The Animal Aid charity has carried out covert investigations going back as far as 2009. Since then, the group has secreted cameras inside 10 randomly selected UK slaughterhouses and found serious animal welfare breaches in nine of them. The latest evidence from a non-stun Yorkshire slaughterhouse was released to the media just this morning. It showed that the layout of the slaughterhouse was deficient and, in the words of the group,

“was guaranteed to cause unnecessary suffering to animals”.

One wonders how that slaughterhouse was ever approved in the first place. The video from inside the abattoir shows casual, routine violence, with sheep being picked up by the ears, legs and fleeces and thrown on to the conveyor, or hurled head first into solid structures. It shows that the “surgically sharp knife” was often so blunt that the slaughterer had to hack over and over again at the throats of still-conscious animals. It also shows workers tormenting animals: waving knives in their faces; shouting at them; and in one case painting spectacles on the face of a sheep, so that they could laugh at the animal as she bled to death.

Jim Shannon (Strangford) (DUP): I think every one of us was shocked when we saw the CCTV video and the pictures in the papers. I understand that in every abattoir there is an official veterinary officer who is available to monitor what happens inside the abattoir. They have to be of a certain qualified standard, but I understand that some of them are not. I suggest to the hon. Gentleman that perhaps the way forward with this issue is to ensure that those official veterinary officers have the qualifications to observe and monitor the abattoirs, to ensure that these practices do not happen.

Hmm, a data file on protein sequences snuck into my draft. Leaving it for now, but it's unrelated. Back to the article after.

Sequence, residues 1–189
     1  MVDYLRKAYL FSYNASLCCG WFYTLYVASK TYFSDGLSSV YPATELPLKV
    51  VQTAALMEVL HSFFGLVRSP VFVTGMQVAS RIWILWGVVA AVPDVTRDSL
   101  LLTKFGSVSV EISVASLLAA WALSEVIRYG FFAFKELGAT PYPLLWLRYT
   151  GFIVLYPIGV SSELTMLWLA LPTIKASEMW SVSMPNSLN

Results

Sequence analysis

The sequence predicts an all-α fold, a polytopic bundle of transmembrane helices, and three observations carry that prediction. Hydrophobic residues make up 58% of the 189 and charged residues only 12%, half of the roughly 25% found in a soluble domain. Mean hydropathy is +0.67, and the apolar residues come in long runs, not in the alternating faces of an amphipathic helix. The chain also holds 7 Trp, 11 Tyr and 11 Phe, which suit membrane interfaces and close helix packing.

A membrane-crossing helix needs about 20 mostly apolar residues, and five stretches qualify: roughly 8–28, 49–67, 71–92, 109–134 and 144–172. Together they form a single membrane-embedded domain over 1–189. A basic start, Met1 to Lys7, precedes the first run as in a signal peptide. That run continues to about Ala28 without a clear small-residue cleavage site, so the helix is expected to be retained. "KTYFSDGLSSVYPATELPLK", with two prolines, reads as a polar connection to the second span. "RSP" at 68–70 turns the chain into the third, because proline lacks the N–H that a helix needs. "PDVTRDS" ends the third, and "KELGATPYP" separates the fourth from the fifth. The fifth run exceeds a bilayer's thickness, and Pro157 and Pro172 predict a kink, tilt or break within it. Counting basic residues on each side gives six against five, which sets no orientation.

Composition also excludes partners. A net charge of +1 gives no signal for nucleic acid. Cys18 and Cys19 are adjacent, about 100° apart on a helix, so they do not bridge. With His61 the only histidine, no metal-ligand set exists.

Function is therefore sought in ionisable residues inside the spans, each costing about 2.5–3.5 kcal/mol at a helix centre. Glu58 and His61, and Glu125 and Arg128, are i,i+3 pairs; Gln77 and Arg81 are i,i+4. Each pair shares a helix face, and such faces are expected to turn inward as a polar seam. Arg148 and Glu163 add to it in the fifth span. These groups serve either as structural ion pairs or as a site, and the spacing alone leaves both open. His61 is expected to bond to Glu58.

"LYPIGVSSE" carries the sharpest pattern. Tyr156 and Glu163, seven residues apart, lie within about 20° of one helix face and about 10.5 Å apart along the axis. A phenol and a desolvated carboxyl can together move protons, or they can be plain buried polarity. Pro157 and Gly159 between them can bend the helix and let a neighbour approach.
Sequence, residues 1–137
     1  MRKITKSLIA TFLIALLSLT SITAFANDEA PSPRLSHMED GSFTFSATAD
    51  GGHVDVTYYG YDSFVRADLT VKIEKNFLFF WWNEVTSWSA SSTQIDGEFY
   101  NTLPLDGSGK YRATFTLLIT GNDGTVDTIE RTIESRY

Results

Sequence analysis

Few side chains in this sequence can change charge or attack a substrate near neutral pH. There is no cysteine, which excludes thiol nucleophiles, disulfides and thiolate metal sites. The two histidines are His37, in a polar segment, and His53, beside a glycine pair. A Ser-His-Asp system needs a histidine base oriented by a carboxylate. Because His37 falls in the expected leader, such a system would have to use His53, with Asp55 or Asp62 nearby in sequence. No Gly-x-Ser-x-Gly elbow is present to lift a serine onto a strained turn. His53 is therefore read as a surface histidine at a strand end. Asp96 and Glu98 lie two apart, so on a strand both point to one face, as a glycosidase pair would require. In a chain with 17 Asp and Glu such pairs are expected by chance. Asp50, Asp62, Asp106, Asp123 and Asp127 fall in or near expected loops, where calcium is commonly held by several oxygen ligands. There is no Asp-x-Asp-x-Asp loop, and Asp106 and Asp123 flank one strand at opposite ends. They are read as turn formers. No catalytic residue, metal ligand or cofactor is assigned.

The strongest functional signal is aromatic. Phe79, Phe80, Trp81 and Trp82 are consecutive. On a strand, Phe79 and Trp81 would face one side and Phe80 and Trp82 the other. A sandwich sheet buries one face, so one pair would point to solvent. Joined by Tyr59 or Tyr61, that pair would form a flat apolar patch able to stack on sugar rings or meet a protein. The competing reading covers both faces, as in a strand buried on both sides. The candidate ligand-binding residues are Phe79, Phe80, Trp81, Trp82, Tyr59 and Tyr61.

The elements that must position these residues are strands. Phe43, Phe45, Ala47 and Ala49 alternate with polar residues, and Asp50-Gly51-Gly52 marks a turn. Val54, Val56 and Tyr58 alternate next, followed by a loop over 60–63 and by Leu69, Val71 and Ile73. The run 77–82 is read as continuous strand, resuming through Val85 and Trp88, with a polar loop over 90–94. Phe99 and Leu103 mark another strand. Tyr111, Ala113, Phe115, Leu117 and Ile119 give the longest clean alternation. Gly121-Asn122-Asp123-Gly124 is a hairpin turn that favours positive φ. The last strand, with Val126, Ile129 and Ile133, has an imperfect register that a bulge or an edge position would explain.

Henry Smith: I am grateful to the hon. Gentleman for his intervention. The fact is that the vets who are on site in slaughterhouses are not everywhere at once, and too many incidents have been missed, as I will discuss.

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Proper training is essential, but having an all-seeing eye and independent monitoring would ensure the maximum quality of animal welfare conditions in our slaughterhouses.

The recording to which I was referring shows appalling violence. The Food Standards Agency has so far suspended the licences of three workers, and I understand it is also building cases for prosecutions. Terrible as those actions are, that slaughterhouse is not, unfortunately, an anomaly.